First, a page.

Fear of change Clearly present alternatives and demonstrate benefits to change
Lack of political will Build consensus; invite everyone to "the dinner"
Lack of sharp teeth (e.g., threat of regulation) Find creative ways to encourage rather than require; promote greater education, outreach, technology transfer, benefits transfer, and use of financial incentives

Sustaining Public Involvement in the Remedial Action Plan Process

This breakout session was initiated with a brief presentation on the nature of public involvement in the RAP process. In the case of the Black River RAP, an interested public helped create a community-led effort to focus on restoring the Black River basin. While progress has been made, continued involvement of many citizens, and particularly those who live or own property along the river, is critical.

It was noted that there are various types of public involvement in the Black River RAP, including:

Participants noted that each RAP is unique and at a different stage of development. Three primary models were discussed:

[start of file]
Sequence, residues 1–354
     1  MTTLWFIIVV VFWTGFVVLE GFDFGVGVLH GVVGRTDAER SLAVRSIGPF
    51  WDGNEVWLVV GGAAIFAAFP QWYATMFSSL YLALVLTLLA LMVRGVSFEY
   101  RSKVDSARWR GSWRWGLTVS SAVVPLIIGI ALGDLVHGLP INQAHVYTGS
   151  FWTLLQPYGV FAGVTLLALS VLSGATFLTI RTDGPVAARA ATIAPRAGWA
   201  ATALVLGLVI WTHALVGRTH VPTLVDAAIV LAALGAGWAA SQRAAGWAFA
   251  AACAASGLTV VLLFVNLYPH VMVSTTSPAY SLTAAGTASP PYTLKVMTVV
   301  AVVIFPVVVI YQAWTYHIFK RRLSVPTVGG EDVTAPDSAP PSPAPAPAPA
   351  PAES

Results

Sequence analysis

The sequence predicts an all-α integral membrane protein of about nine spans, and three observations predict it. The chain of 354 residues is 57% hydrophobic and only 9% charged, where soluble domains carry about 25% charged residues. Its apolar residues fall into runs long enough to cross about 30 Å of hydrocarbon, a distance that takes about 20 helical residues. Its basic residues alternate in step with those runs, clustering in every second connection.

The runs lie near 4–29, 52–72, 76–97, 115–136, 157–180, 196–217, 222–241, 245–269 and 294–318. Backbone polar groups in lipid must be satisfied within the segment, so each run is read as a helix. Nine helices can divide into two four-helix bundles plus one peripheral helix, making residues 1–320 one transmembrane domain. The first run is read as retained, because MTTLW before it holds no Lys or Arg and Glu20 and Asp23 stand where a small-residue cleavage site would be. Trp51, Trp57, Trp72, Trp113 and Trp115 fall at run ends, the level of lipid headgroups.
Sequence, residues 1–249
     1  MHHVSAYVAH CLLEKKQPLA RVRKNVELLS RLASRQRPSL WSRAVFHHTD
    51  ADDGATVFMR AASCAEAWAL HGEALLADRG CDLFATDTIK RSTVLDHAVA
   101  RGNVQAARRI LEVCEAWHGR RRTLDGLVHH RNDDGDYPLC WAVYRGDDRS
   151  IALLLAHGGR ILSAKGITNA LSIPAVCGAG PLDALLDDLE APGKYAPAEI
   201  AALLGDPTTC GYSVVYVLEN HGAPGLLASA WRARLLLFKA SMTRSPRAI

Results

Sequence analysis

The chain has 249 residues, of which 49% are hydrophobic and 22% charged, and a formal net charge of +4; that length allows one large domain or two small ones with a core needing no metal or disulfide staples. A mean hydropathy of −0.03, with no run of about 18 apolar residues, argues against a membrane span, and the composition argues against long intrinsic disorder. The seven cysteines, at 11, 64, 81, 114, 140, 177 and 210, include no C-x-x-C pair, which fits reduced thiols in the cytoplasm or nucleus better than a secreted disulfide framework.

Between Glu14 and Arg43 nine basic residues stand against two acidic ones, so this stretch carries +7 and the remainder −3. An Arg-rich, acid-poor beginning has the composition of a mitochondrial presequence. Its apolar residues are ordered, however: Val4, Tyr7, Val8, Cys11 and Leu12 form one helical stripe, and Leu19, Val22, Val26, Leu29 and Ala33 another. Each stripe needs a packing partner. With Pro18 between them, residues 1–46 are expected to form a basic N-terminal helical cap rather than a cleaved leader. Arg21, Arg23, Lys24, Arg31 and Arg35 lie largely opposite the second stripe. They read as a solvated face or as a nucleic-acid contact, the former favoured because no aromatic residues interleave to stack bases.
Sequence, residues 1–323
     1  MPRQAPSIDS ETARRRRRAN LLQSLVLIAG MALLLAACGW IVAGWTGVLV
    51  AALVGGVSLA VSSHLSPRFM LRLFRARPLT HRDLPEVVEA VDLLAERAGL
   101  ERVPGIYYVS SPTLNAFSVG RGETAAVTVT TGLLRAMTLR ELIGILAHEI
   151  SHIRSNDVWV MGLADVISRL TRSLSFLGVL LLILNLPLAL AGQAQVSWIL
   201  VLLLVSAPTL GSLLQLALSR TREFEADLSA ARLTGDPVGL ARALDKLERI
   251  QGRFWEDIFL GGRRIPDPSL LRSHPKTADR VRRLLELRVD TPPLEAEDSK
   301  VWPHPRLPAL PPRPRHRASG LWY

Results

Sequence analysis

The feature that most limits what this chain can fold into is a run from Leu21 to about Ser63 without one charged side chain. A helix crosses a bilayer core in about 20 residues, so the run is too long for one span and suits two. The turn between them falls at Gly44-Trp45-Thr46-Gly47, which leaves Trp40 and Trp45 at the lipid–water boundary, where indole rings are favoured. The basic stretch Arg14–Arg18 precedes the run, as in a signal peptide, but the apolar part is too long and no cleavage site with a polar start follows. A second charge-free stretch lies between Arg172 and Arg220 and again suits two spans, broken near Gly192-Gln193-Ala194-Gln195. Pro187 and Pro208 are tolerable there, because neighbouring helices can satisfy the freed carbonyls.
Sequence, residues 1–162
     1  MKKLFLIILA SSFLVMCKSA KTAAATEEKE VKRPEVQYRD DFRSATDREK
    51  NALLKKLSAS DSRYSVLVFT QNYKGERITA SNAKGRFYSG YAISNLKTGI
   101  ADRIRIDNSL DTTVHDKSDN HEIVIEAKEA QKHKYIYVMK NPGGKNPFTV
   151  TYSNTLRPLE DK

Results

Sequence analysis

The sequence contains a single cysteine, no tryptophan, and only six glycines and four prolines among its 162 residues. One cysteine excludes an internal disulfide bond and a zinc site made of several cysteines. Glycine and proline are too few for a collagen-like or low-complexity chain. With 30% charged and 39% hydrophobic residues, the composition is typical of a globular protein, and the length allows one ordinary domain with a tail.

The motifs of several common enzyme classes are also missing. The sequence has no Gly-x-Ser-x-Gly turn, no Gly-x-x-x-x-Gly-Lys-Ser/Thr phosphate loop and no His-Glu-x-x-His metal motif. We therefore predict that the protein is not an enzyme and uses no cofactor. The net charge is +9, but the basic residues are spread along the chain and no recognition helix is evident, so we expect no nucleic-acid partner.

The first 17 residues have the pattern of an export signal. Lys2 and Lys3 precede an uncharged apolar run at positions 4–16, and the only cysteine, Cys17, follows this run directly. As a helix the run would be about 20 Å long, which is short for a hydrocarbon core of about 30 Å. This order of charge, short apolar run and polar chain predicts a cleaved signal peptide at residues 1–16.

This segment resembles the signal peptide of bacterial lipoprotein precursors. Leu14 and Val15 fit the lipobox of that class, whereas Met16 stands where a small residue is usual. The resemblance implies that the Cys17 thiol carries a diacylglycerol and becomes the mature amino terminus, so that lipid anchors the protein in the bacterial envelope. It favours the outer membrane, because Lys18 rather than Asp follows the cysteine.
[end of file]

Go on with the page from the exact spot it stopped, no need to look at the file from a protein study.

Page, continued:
1. some RAPs operate as a coalition of separate groups, whose activities, sometimes intentionally and sometimes not, coincide with the goals and agenda of the RAP;
  2. some RAPs have a strong citizen component, with the public very actively involved; and
  3. a few RAPs emphasize, and wait upon, regulatory action as the basis for remediation of problems.

Participants agreed that sustaining public interest and involvement was crucial for a successful RAP process, and shared information on how they have seen this done. Suggested involvement strategies include:

  • developing a strategy to "market" the RAP to the public (i.e., we need to learn how to market better and smarter);
  • identifying common problems throughout the target area and building public/private partnerships;
  • creating a waterfront park to get people down to the river;
  • investing in capacity building of citizen groups and helping them with networking and fund raising;